Thalidomide apology insulting, campaigners say
The company which invented thalidomide has "insulted" those affected by the drug by issuing an "insincere" apology, campaigners have said.
The drug, sold in the 1950s as a cure for morning sickness, was linked to birth defects and withdrawn in 1961.
German-based Gruenenthal has issued its first apology in 50 years, but said the drug's possible side-effects "could not be detected" before it was marketed.
But the UK's Thalidomide Trust said any apology should also admit wrongdoing.
Nick Dobrik, a member of the trust's national advisory council, said it "should be an unreserved apology, not a conditional apology".
"We feel that a sincere and genuine apology is one which actually admits wrongdoing. The company has not done that and has really insulted the thalidomiders."
Martin Johnson, the trust's director, told the BBC that the news that the manufacturers were starting to acknowledge responsibility was welcome but they were still trying to perpetuate the myth that no-one could have known of the harm the drug could cause when there was, he said, much evidence that they did know.
And Freddie Astbury, president of Thalidomide UK, said: "It's taken a long time for them to apologise. There are a lot of people damaged by thalidomide struggling with health problems in the UK and around the world.
"So we welcome the apology, but how far do they want to go? It's no good apologising if they won't open discussions on compensation. They've got to seriously consider financial compensation for these people."
By the time the drug was pulled from the market, more than 10,000 babies worldwide had been born with a range of disabilities caused by the drug.
This included shortened arms and legs, blindness, deafness, heart problems and brain damage.
There are between 5,000 and 6,000 sufferers still alive. Thalidomide UK says there are 458 people in the UK who were affected by the drug, but that for every thalidomide baby that lived there were 10 that died.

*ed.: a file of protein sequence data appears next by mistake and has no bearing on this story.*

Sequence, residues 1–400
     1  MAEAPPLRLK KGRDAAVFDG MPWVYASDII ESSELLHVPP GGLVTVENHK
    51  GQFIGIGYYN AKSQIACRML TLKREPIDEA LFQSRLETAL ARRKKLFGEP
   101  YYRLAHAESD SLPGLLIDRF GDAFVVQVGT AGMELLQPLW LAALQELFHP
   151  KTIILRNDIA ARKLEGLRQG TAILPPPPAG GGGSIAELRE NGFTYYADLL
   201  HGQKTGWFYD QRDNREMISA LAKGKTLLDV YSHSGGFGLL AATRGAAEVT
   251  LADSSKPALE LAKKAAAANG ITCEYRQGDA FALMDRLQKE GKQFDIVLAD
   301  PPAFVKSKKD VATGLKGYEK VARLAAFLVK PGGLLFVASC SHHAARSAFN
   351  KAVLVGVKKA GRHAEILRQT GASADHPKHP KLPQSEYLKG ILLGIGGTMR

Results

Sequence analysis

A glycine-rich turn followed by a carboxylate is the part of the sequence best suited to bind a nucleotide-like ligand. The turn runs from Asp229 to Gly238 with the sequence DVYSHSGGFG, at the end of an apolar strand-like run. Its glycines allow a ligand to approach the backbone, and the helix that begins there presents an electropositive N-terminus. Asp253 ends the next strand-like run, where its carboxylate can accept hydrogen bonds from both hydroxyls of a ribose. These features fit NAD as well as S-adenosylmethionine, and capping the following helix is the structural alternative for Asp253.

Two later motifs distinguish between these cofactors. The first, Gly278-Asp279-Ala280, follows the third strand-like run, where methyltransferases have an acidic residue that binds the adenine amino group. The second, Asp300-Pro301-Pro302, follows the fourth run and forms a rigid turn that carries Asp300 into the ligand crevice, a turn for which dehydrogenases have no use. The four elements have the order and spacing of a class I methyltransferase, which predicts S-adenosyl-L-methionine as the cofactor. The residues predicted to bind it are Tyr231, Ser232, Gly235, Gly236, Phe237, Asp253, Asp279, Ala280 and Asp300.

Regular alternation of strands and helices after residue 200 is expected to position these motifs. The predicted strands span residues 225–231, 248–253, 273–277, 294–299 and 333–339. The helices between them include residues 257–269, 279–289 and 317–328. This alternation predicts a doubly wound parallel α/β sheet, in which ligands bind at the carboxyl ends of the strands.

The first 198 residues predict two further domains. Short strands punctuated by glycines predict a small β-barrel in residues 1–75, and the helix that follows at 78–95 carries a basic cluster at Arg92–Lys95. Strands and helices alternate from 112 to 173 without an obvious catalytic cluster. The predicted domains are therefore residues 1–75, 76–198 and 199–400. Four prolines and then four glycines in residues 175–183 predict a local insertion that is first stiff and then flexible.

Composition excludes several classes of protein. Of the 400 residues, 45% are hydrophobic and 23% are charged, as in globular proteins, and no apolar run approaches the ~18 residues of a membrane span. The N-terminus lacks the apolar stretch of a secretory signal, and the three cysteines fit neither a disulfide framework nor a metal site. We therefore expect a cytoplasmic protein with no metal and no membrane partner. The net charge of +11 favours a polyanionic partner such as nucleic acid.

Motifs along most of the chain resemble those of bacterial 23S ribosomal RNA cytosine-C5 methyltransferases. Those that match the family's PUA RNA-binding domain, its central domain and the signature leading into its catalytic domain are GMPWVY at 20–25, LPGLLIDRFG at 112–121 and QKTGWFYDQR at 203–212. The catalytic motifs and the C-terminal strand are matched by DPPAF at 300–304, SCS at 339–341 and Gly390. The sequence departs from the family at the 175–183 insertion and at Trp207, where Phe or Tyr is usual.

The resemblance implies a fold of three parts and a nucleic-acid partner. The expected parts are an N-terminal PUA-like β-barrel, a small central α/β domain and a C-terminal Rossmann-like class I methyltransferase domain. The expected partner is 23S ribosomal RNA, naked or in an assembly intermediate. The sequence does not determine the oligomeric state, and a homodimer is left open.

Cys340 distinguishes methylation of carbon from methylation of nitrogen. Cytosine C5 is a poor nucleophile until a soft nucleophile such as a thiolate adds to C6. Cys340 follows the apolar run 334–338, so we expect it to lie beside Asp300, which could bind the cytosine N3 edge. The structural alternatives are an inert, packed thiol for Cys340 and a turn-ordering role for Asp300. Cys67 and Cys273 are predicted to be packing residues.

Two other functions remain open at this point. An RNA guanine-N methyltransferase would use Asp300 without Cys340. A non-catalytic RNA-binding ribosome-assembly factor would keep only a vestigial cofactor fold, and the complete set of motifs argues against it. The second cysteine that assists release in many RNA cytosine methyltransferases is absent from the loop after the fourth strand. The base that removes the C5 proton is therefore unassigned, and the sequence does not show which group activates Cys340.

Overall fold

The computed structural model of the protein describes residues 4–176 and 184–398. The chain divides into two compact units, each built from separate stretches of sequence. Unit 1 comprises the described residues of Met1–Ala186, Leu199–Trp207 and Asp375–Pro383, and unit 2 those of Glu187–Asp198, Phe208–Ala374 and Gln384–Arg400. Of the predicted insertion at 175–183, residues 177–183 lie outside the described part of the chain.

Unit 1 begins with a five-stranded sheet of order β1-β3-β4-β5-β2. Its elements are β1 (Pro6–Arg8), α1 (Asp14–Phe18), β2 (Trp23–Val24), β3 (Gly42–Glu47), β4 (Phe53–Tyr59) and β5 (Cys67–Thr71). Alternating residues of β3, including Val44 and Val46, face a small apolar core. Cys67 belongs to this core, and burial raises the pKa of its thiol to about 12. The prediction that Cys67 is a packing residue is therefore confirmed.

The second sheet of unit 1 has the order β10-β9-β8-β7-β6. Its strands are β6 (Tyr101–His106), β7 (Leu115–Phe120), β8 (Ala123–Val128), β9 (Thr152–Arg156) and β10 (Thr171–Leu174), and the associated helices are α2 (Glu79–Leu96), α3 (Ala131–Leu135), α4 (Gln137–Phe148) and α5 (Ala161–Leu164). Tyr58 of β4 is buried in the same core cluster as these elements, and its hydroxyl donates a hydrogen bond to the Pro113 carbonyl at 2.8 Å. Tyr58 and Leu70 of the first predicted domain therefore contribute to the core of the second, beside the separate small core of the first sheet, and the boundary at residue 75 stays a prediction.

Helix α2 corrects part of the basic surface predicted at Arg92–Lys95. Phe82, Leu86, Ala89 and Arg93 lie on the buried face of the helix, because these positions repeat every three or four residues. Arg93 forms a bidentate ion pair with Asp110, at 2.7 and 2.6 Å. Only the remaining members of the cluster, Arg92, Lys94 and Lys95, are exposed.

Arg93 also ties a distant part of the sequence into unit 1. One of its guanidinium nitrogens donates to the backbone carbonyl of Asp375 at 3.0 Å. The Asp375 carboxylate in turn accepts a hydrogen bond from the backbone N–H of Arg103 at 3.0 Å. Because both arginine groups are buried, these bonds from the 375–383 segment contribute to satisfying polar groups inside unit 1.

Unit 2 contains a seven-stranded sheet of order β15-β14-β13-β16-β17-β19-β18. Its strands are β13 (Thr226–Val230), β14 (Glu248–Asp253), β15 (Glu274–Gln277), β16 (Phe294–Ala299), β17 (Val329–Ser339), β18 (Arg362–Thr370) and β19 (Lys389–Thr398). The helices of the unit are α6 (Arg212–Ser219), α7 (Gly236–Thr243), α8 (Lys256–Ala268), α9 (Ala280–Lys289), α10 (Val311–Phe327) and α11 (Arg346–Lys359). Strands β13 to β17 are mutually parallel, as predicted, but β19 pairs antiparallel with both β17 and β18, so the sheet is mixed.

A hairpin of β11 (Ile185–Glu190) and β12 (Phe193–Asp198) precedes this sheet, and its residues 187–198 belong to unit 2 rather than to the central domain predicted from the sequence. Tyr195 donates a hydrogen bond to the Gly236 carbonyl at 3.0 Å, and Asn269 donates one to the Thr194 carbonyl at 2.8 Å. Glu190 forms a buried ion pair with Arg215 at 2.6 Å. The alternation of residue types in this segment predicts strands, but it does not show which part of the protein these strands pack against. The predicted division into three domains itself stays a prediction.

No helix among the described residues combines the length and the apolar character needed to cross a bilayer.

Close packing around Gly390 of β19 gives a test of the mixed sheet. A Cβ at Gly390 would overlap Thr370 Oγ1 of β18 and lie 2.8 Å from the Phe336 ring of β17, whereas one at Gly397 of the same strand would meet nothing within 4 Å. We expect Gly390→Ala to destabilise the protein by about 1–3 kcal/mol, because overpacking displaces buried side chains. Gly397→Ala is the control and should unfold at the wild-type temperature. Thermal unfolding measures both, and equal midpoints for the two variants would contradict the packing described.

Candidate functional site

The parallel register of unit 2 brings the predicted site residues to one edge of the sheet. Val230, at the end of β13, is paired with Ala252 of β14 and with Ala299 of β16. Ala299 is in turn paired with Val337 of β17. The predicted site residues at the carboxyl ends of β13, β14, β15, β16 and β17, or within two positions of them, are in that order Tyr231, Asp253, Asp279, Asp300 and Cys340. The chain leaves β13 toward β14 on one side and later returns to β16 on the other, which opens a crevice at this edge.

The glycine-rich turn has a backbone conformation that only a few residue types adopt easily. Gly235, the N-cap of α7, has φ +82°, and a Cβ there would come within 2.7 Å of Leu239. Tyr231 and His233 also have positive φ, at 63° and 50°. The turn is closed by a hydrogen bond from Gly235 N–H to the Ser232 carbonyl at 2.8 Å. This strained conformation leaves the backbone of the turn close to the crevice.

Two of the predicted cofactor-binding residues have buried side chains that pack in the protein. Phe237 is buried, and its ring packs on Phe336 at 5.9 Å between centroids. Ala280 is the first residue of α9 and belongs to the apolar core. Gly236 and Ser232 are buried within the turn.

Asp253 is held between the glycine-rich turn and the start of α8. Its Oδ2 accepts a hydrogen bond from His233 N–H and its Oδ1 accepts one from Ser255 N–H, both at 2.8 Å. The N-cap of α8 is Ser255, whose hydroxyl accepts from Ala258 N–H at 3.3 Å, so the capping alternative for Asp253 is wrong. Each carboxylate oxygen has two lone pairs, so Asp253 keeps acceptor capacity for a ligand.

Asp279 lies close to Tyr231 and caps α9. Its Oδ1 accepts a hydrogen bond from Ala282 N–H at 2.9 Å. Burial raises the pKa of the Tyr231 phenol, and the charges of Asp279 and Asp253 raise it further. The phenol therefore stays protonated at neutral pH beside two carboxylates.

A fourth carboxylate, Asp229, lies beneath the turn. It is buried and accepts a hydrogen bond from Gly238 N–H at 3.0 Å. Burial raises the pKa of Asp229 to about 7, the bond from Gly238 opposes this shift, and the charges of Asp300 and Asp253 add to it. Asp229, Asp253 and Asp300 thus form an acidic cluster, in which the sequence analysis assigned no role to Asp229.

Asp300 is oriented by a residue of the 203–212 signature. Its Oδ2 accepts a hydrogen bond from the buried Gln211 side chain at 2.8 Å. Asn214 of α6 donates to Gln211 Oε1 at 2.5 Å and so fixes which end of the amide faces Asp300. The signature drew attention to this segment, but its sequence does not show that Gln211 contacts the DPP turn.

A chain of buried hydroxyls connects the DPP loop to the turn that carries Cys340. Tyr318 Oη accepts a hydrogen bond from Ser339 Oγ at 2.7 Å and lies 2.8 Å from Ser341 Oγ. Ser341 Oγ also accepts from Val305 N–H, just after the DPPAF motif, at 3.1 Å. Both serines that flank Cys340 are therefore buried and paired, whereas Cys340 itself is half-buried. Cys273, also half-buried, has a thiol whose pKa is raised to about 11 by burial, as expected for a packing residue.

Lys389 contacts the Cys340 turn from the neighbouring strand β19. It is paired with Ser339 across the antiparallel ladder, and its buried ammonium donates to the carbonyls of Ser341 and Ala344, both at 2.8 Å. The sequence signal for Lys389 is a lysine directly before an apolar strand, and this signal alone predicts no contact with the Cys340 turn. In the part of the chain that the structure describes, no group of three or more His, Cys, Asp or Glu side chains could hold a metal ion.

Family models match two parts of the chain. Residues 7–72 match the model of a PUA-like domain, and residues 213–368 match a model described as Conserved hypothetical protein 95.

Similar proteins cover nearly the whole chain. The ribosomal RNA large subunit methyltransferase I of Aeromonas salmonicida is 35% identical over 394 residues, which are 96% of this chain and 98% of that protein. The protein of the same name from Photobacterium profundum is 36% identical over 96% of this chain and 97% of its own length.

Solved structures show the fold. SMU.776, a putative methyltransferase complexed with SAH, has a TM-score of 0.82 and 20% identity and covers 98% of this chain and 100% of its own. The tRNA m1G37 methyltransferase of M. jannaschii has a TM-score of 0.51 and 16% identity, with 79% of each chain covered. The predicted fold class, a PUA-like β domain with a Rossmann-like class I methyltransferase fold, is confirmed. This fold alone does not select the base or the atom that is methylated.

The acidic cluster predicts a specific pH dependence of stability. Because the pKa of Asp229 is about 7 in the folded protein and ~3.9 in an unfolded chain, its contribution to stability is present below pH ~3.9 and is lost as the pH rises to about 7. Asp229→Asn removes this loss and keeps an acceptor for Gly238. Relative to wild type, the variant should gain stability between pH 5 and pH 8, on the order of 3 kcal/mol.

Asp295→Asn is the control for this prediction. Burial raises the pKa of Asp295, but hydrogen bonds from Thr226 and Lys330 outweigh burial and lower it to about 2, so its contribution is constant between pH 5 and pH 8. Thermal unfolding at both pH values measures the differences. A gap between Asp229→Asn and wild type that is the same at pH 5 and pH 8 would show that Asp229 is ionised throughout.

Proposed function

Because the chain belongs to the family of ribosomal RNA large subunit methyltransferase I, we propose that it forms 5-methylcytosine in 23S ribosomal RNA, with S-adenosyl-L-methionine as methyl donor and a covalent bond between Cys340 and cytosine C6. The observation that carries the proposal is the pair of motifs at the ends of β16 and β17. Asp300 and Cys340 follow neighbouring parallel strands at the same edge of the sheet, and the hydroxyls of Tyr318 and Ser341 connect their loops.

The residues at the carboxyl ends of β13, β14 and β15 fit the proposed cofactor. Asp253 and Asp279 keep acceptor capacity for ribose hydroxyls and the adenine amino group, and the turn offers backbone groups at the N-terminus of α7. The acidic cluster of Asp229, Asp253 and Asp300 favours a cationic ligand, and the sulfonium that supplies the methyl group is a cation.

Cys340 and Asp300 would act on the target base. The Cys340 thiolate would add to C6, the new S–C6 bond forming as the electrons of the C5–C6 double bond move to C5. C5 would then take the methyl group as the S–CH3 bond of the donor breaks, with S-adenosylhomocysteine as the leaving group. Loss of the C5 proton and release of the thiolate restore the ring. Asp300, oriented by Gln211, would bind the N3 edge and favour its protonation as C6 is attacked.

Harald Stock, Gruenenthal's chief executive, issued his company's apology at the unveiling of a bronze statue symbolising a child born without limbs because of thalidomide.
"We ask for forgiveness that for nearly 50 years we didn't find a way of reaching out to you from human being to human being," he said at a ceremony in the western German city of Stolberg, where the firm is based.
"We ask that you regard our long silence as a sign of the shock that your fate caused in us."
Mr Stock said the company regretted that the potential for thalidomide to affect the development of foetuses "could not be detected by the tests that we and others carried out before it was marketed".
BBC science correspondent for the Today programme, Tom Feilden, said one of the main issues was what Gruenenthal knew about the drug's side effects, when it knew about them and whether the company could have acted sooner in withdrawing it from the market.
Some compensation has been paid, particularly by thalidomide's British distributor.
Gruenenthal itself has previously paid compensation to survivors of the drug, many in Germany, and has voiced regret over the issue - but has not admitted liability.
In the early 1970s, it agreed to pay 100m Deutschmarks (£40m) into an official fund for German thalidomide survivors and was given permanent legal indemnity by the German government.
Since the original fund money ran out, continuing compensation payments have been made by the government. In 2009 the company added a further 50m euro (£39.6m) one-off endowment.
Compensation claims are still outstanding, including one key class action in Australia, which saw thalidomide survivors win the right to have their case for compensation heard there.
The drug is still used today under strict controls to treat some bone marrow cancer patients.